Although mastoiditis occurs less than often than it did in the preantibiotic era, it remains the most common complication of acute or chronic otitis media within the temporal bone.1,2Streptococcus pneumoniae is the most frequent causal agent of acute mastoiditis in children.3–6 Since the late 1980s, antibiotic resistance among S pneumoniae isolates has increased dramatically in most areas of the United States; pneumococcal isolates recovered from cultures of middle ear fluid typically have rates of resistance that are greater than isolates from systemic sources such as blood or cerebrospinal fluid.7–9 Whether the increase in antibiotic resistance has impacted the frequency or outcome of acute mastoiditis is not certain.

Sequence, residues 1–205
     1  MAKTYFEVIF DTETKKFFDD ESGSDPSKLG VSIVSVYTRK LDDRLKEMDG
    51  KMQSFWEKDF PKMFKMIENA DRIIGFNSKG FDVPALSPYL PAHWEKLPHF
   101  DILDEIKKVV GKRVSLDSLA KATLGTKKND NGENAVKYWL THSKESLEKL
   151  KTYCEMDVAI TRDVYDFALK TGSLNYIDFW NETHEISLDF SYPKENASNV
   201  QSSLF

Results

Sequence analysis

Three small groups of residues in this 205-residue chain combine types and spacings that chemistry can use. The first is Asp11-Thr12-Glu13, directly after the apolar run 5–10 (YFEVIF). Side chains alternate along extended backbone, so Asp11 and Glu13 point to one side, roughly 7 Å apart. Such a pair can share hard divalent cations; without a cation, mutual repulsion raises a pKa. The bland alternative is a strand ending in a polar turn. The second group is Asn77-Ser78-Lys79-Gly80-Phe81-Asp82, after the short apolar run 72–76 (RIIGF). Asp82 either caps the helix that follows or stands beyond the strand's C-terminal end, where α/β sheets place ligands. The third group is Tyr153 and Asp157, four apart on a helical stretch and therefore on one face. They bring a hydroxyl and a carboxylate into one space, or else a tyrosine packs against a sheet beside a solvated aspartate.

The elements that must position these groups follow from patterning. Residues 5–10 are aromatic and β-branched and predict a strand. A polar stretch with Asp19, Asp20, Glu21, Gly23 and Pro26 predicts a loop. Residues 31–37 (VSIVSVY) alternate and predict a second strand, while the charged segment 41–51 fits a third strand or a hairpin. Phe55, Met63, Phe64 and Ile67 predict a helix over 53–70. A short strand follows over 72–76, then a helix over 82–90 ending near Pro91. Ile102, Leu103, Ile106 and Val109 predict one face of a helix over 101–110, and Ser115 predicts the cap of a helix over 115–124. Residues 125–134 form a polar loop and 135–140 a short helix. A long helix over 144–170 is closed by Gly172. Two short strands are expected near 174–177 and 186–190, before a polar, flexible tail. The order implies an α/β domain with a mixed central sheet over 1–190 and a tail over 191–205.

As a part of an ongoing surveillance study of pneumococcal infection in children cared for at 8 pediatric hospitals in the United States, the medical records of children with documented pneumococcal mastoiditis were reviewed to: 1) describe the clinical features of this infection, and 2) determine the impact of antibiotic resistance on the frequency, management, and outcome of mastoiditis caused by S pneumoniae.